Education: Anaemia in Renal Disease

Education: Anaemia in Renal Disease

Renal anaemia is a normochromic normocytic anaemia that increases in severity as renal function declines. There are a number of explanations for anaemia in patients with renal failure, but deficiency of erythropoietin (EPO) is usually dominant when patients are nearing end-stage. EPO is a hormone produced by the kidneys in response to an anaemic hypoxic stimulus; it acts to correct anaemia by stimulating red cell production in the bone marrow. Anaemia due to EPO deficiency can occur with any stage of CKD, but does not usually develop until eGFR is less than 30ml/min/1.73m2  (<45/min/1.73m2 in patients with diabetes) and worsens with declining renal function.1

EPO replacement therapy was developed in the 1980’s, and its use has now become widespread. It has revolutionised the management of renal anaemia, which was previously dependent on repeated blood transfusions and use of androgenic steroids. The majority of patients who require renal replacement therapy will require EPO replacement; the one notable exception to this rule is patients with polycystic kidney disease, who often do not develop EPO deficiency. 

However, patients with renal disease are susceptible to anaemia for many reasons, not only EPO deficiency.  Other causes of anaemia in patients with renal failure include:

  • Reduced red blood cell lifespan
  • Iron deficiency and disordered iron utilisation
  • Uraemic inhibition of erythropoiesis
  • Cytokine inhibition of erythopoiesis, e.g. during infections and in inflammatory disorders
  • Active blood loss (including circuit loss during haemodialysis treatments)
  • Nutritional deficiencies, e.g. B12 and folate deficiency

Without effective treatments anaemia can be very severe and an association exists between low haemoglobin and risk of morbidity and mortality ESRF2. Improving haemoglobin by use of erythropoiesis-stimulating agents (ESAs) results in improvements in exercise tolerance, quality of life, cognitive function, nutrition, and cardiac status (including reduce left ventricular hypertrophy and dilatation).3-4  However, whilst you might assume that restoring haemoglobin to within a physiological range would be most beneficial, studies have not supported this practice due to an increased risk of cardiovascular events.5-6 The exact mechanism of this is unclear, and there is some suggestion that it may be the high doses of EPO used to achieve a normal haemoglobin, rather than the absolute haemoglobin in itself which may confer the increased risks.7 However, given these concerns, recommended target haemoglobin for patients receiving ESAs is therefore low-normal, usually between 100 and 120g/L.8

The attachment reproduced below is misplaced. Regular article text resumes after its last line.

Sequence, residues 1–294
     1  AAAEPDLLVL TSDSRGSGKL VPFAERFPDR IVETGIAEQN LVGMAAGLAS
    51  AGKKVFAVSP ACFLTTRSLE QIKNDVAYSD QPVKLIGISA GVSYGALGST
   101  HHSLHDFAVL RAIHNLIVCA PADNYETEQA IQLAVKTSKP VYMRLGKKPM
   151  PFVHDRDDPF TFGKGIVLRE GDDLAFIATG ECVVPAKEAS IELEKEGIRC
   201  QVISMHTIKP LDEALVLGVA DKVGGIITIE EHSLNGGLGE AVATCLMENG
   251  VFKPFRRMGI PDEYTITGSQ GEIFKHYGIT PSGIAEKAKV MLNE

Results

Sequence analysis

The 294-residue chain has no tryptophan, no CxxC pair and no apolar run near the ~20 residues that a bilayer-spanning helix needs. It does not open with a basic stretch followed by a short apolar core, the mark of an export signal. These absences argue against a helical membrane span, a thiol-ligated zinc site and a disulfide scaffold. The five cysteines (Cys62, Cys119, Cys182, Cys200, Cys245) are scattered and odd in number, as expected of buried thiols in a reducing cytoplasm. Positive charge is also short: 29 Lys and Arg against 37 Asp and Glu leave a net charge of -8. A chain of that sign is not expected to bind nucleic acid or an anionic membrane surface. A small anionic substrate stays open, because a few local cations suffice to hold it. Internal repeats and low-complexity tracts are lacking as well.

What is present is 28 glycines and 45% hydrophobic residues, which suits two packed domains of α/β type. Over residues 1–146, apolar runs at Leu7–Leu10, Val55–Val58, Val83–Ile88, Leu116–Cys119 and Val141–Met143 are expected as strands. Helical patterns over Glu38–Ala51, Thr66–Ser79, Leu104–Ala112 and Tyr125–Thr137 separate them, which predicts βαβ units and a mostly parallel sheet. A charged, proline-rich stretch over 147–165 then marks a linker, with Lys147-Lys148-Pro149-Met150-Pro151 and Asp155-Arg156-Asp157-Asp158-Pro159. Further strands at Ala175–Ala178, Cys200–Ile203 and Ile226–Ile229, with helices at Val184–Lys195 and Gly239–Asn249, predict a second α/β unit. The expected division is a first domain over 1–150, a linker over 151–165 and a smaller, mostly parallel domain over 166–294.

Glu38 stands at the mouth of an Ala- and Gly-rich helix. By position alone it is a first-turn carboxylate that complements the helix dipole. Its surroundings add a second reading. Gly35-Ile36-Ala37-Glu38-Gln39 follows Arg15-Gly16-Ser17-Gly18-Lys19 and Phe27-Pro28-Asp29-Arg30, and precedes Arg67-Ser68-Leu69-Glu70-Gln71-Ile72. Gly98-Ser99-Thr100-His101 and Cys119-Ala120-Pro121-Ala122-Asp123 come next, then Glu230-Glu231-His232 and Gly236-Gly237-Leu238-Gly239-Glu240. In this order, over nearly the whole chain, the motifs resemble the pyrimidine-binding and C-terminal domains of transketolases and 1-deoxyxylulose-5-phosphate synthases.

Baseline Investigations

In accordance with the Renal Association Clinical Practice Guideline 2017 we would recommend the following investigations for patients with CKD who are found to be anaemic; these are similar to those investigations you would perform for patients without CKD. 

Full blood count
  • Reticulocyte count to assess bone marrow responsiveness
  • Mean corpuscular volume [MCV]
  • White blood cell count and differential
  • Platelet count
Iron status
  • Serum ferritin
  • Transferrin saturation (TSAT)
Haematinics
  • Serum B12 and Folate concentrations
Inflammation
  • CRP
Haemolysis screen
  • Haptoglobin
  • Lactate dehydrogenase (LDH)
  • Bilirubin
  • Direct Coomb’s test
Exclude myeloma / paraproteinaemia
  • Plasma and/or urine protein electrophoresis
  • Serum free light chains (SFLC) and bone marrow examination


Based on the results of the above investigations, a decision can me made as to whether or not anaemia is related purely to EPO deficiency, or whether there are additional contributory factors which require alternative treatment. Initiation of ESA replacement therapy is done under the supervision of a consultant nephrologist.

 

References

  1. Astor BC, Muntner P, Levin A, Eustace JA, Coresh J. Association of kidney function with anemia. The Third National Health and Nutrition Examination Survey (1988–1994) Archives of Internal Medicine2002;162(12):1401–1408.
  2. Foley RN, Parfrey PS, Harnett JD, Kent GM, Murray DC, Barre PE: The impact of anemia on cardiomyopathy, morbidity, and mortality in end-stage renal disease. Am J Kidney Dis 28 : 53 –61, 1996.
  3. Canadian Erythropoietin Study Group: Association between recombinant human erythropoietin and quality of life and exercise capacity of patients receiving haemodialysis. BMJ 300 : 573 –578, 1990.
  4. Revicki DA, Brown RE, Feeny DH, et al. Health-related quality of life associated with recombinant human erythropoietin therapy for predialysis chronic renal disease patients. American Journal of Kidney Diseases1995;25(4):548–554.
  5. Singh AK, Szczech L, Tang KL, et al. Correction of anaemia with epoetin alfa in chronic kidney disease. N Engl J Med. 2006 Nov 16; 355(20):2085-98.
  6. KDOQI clinical practice guideline and clinical practice recommendations for anaemia in chronic kidney disease, 2007 update of haemoglobin target. Am J Kidney Dis 2007; 50(3): 471–530.
  7. Szczech LA, Barnhart HX, Inrig JK, et al. Secondary analysis of the CHOIR trial epoetin-alpha dose and achieved haemoglobin outcomes. Kidney Int. 2008 Sep; 74(6):791-8.
  8. Locatelli F, Aljama P, Canaud B, et al. Anaemia Working Group of European Renal Best Practice (ERBP). Target haemoglobin to aim for with erythropoiesis-stimulating agents: a position statement by ERBP following publication of the Trial to Reduce cardiovascular Events with Aranesp Therapy (TREAT) study. Nephrol Dial Transplant. 2010; Sept 25(9):2846-50. 

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